My story begins with our fourth month. We’re getting a little cocky. Our walk is getting that swagger, but we still don’t have a clue how to do real police work. In the past your fourth month was spent in the field. You got to work patrol for two weeks, had driver training, a couple of days working with detectives and, don’t forget the thrill-packed trip to the coroner’s office. They showed you dead bodies and maybe even an autopsy. A lot in my class had been to Viet Nam so dead bodies were not a shock.
We were all looking forward to a whole month of no PT instructors yelling at us and making reference to our heritage! Our class was assigned to station security; guess where? That’s right, the police academy. I guess I was lucky, I got assigned day watch. That’s right, I’m guarding the police academy where just about everybody has a loaded gun. Weekends were nice not too many people around, but I still had a loaded gun. I felt kind of sorry for my classmates who got graveyard shift. Not too much going on after dark unless you wandered into the “Rock Garden.” The Rock Garden was behind the Academy Lounge where cops would have a refreshing beverage and unwind, often with members of the fairer sex. I heard the rock garden was like the last row of a drive-in movie. I have no personal knowledge; remember, I was married.

So, after two weeks of walking around the Academy I finally get to play policemen in the field. I’m assigned to Rampart day watch. Rampart is just west of downtown Los Angeles. My first day I’m assigned to work with a foot beat officer whose assignment is to patrol MacArthur park. I asked my partner what we do in MacArthur park on day watch and he says we arrest drunks. I’m thinking I ran 5 miles up and down hills around the academy and did push-ups as the sun was setting to arrest drunks? I then had an inspiration—arresting drunks beat the hell out of doing pushups at sundown.

Iranian Police dog training/photo courtesy Molosser Dogs


After coffee we head to the park. We drive up the ramp on the sidewalk and head down the foot path into the park. I’m not familiar with the drunks that might be in the park. At the first park bench, my partner stops about three feet away. The biggest Great Dane I ever saw walks up to my car window and sticks his enormous head inches from my face. I believe the dog had just completed some personal hygiene. I guess my expression was funny because my partner and the owner laughed.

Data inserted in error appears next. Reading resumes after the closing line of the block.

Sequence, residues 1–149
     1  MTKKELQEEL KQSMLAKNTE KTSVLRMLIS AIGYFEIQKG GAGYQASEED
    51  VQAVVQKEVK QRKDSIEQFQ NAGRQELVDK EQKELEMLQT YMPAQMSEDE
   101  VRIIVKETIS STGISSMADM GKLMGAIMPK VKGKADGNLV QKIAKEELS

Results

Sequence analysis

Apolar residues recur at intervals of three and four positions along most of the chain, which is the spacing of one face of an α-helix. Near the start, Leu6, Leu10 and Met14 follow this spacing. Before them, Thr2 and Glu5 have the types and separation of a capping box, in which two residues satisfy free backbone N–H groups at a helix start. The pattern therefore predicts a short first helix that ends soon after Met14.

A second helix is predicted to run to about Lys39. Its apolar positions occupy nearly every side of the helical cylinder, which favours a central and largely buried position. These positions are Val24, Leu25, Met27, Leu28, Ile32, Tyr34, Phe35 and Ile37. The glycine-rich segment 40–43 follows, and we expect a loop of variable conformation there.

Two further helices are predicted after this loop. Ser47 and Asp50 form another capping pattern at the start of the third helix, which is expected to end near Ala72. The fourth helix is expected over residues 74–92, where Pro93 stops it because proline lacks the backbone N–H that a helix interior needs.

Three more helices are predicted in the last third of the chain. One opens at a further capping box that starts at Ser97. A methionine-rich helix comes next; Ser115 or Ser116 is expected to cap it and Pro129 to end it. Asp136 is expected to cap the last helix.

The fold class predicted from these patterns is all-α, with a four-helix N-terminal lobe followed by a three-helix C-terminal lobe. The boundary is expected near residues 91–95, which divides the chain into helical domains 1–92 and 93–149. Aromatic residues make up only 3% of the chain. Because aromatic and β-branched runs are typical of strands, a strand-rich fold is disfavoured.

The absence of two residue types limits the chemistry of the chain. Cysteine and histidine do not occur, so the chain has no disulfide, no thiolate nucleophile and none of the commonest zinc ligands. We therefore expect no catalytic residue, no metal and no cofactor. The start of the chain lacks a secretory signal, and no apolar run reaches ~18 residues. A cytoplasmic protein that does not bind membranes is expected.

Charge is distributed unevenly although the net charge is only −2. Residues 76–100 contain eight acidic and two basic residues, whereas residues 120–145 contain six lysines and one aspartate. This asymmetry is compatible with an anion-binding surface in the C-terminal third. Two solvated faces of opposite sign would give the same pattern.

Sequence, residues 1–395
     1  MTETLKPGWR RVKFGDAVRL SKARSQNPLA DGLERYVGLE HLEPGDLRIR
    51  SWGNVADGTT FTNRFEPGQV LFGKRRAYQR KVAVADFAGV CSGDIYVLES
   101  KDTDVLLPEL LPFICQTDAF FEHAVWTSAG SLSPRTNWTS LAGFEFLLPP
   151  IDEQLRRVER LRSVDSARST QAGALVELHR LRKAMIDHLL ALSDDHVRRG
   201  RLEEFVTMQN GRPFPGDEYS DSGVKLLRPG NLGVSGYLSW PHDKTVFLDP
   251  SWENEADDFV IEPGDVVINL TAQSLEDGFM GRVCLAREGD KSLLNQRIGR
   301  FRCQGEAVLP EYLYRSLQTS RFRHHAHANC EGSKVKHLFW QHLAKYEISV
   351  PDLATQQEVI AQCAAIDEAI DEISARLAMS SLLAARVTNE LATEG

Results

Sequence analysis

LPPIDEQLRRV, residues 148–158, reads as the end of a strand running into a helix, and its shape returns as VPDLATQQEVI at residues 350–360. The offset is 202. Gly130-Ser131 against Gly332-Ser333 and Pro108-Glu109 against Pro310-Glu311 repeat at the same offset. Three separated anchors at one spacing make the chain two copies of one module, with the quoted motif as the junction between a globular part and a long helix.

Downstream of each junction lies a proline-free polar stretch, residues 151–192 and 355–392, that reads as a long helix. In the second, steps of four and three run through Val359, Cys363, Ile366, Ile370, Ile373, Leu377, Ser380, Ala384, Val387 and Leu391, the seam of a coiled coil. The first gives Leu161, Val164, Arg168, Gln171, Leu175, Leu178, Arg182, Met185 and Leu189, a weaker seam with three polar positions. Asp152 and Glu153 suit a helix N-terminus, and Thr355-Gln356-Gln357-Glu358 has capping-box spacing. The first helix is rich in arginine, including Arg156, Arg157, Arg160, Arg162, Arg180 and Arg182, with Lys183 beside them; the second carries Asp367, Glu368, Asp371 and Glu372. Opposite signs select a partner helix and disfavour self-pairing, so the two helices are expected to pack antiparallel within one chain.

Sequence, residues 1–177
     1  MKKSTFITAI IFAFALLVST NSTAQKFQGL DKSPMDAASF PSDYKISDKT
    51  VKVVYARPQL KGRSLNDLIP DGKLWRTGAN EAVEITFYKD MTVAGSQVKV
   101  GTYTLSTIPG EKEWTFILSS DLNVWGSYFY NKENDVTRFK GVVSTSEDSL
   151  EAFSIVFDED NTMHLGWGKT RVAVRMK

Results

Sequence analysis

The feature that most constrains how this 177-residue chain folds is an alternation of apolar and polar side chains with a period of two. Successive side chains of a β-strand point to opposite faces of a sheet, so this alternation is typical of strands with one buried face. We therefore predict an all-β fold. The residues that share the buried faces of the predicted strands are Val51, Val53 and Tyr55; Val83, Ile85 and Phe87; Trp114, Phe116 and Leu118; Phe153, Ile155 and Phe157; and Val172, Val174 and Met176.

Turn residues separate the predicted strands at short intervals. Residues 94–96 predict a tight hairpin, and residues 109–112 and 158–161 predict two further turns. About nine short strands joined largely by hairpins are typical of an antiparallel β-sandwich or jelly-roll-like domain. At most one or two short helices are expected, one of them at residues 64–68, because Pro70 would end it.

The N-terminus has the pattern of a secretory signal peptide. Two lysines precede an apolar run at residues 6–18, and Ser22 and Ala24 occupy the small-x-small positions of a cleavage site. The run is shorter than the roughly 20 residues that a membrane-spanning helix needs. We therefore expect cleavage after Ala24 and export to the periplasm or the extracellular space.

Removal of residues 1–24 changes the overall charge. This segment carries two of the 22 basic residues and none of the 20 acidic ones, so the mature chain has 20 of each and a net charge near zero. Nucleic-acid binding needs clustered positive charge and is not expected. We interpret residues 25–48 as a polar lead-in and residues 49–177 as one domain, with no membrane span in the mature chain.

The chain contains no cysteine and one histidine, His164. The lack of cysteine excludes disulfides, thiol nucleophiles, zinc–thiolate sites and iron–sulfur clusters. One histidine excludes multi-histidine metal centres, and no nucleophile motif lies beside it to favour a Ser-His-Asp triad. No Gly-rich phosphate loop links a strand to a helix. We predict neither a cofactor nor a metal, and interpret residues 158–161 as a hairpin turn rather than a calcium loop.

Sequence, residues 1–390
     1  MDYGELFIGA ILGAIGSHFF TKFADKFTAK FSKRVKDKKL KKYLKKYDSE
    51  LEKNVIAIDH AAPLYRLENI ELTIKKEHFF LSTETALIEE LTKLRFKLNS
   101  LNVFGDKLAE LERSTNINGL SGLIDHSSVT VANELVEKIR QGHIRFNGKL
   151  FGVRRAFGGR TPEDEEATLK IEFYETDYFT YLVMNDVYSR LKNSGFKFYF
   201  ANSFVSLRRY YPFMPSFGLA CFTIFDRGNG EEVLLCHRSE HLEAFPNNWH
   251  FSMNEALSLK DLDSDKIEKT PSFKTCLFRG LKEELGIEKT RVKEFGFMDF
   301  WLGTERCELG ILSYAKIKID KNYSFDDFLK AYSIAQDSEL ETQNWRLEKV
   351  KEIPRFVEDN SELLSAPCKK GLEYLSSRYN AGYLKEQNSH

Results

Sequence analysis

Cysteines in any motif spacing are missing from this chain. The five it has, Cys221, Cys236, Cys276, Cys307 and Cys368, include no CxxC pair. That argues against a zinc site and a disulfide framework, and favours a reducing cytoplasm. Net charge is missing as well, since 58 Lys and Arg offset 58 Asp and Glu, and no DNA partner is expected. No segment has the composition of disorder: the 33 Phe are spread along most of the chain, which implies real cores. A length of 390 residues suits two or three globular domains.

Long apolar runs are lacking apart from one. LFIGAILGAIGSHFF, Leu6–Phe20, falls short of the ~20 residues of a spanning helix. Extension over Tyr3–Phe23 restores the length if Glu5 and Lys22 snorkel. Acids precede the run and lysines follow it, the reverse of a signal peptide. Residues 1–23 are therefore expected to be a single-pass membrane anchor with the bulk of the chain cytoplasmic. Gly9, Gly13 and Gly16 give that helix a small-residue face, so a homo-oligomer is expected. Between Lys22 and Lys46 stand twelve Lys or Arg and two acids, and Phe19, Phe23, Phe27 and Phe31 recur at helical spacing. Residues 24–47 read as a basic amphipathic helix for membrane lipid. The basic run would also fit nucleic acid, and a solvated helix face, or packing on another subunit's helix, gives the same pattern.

The next park bench has a couple of old-timers. Sitting on the ground between them is a plain brown paper bag wrapped neatly around a cylindrical glass bottle. My partner asked them who does that bag belong to. Both deny any knowledge of the bag. My partner confiscates the bag and much to my surprise it contains a bottle of red wine. The bottle is emptied in the trash can in front of the men. I thought I saw a tear in one of men’s eyes.

man sitting on park benchThe next bench has four men sitting upright. We get out of the car for this group. Again, there’s a bottle in the brown paper bag on the ground. The men all have bloodshot eyes and one’s starting to lean to the port side. My partner asks the men to stand. None of them can. They seem to be a happy bunch as we put them into the back seat of our car.
This bottle of wine is placed in our older model Plymouth black and white.

police bookingWe drive to PAB (downtown) where the local jail is for Rampart Division. We pull into the back of the misdemeanor section of the jail and then my partner taught me a lesson I used for the next 35 years. He handed the bottle of wine that we had found in the park and handed it to the four men. They each took a long drink until the bottle was empty. No one complained that they preferred white wine. I walked the first drunk up to the booking officer and the officer called my first arrestee by his first name. They were happy and gave us no problems during booking.